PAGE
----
CFP – Sixteenth Annual Gatherings in Biosemiotics ­ (Prague 4-8 July 2016)

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The Call for Paper of the Sixteenth Annual Gatherings in Biosemiotics ­ (Prague 4 ­ 8 July 2016) has been released. You can find details of the Call for Papers for GB16 on

CFP for a special issue of the journal Biosemiotics: “Constructive biosemiotics”

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The journal Biosemiotics (Springer) is preparing a special issue on “Constructive biosemiotics” guest-edited by Tommi Vehkavaara and Alexei Sharov. The aim of the Special Issue is to integrate constructive approach with biosemiotics by taking a view to organisms (and perhaps other kinds of living systems) as agents that construct (1) their cognitive contents and habits of interpreting signs, (2) their functional (sub)structures that perform such construction, and (at least partly) (3) the environment they are interacting with (the environment typically including other agents). The constructive perspective thus opposes the view where organisms are seen mainly as patients passively reacting to the external forces.

Please Download the call for papers by cliking here.

Deadline for submitting tentative titles and abstracts: January 2016

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What is Biosemiotics?

Biosemiotics is an interdisciplinary research agenda investigating the myriad forms of communication and signification found in and between living systems. It is thus the study of representation, meaning, sense, and the biological significance of codes and sign processes, from genetic code sequences to intercellular signaling processes to animal display behavior to human semiotic artifacts such as language and abstract symbolic thought.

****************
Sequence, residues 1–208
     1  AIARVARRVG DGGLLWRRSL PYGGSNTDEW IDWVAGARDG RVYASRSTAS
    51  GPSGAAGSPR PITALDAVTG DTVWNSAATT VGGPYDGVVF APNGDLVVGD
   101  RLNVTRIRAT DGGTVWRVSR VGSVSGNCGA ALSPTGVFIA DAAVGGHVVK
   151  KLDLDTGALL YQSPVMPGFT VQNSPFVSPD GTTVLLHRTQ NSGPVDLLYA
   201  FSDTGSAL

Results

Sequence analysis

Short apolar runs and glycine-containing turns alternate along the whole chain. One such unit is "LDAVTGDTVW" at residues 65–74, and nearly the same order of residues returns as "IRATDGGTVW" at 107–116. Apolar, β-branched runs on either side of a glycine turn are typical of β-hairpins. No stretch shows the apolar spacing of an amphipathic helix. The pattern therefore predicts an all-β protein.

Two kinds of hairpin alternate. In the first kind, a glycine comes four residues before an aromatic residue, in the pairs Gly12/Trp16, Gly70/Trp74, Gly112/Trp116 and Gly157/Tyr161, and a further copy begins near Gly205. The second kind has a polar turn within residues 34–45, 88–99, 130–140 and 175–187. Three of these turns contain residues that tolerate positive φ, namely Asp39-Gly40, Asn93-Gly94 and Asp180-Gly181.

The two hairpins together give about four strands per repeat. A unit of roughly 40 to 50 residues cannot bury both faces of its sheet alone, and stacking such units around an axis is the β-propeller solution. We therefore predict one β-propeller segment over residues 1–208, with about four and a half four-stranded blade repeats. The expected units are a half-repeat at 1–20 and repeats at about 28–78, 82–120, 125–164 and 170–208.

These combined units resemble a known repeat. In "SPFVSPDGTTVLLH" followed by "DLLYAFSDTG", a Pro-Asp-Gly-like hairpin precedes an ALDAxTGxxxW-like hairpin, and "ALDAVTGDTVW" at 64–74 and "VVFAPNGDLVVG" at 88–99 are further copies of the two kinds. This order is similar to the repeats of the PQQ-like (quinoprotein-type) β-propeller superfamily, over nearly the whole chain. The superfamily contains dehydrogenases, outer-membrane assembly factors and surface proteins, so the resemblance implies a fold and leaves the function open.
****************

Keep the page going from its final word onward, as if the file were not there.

Such sign processes appear ubiquitously in the literature on biological systems. Up until very recently, however, it had been implicitly assumed that the use of such terms as “message” “signal” “code” and “sign” was ultimately metaphoric, and that such terms could someday effectively be reduced to the mere chemical and physical interactions underlying such processes. As the prospects for such a reduction become increasingly untenable, even in theory, the interdisciplinary research project of biosemiotics is attempting to re-open the dialogue across the life sciences – as well as between the life sciences and the humanities – regarding what, precisely, such ineliminable terms as “meaning” and “significance” might refer to in the context of living, complex adaptive systems.

The purpose of the International Society for Biosemiotic Studies (ISBS) is to constitute an organizational framework for the collaboration among scholars dedicated to biosemiotic studies, and to propagate knowledge of this field of study to researchers in related areas, as well as to the public in general. Towards this end, the Society will assure the organization of regular meetings on research into the semiotics of nature, as well as to promote the publication of scholarly work on the semiotics of life processes.

Most fundamentally, the Society considers that one of its most important purposes is the promotion of a cross-disciplinary exchange of ideas between researchers who are actively studying any of the myriad forms of organismic sign use found throughout the natural and cultural world. ISBS thus welcomes the membership and collaboration of scholars from all relevant disciplines, including biology, philosophy, ethology, cognitive science, anthropology, and semiotics.

And, of course, we welcome you to our website also!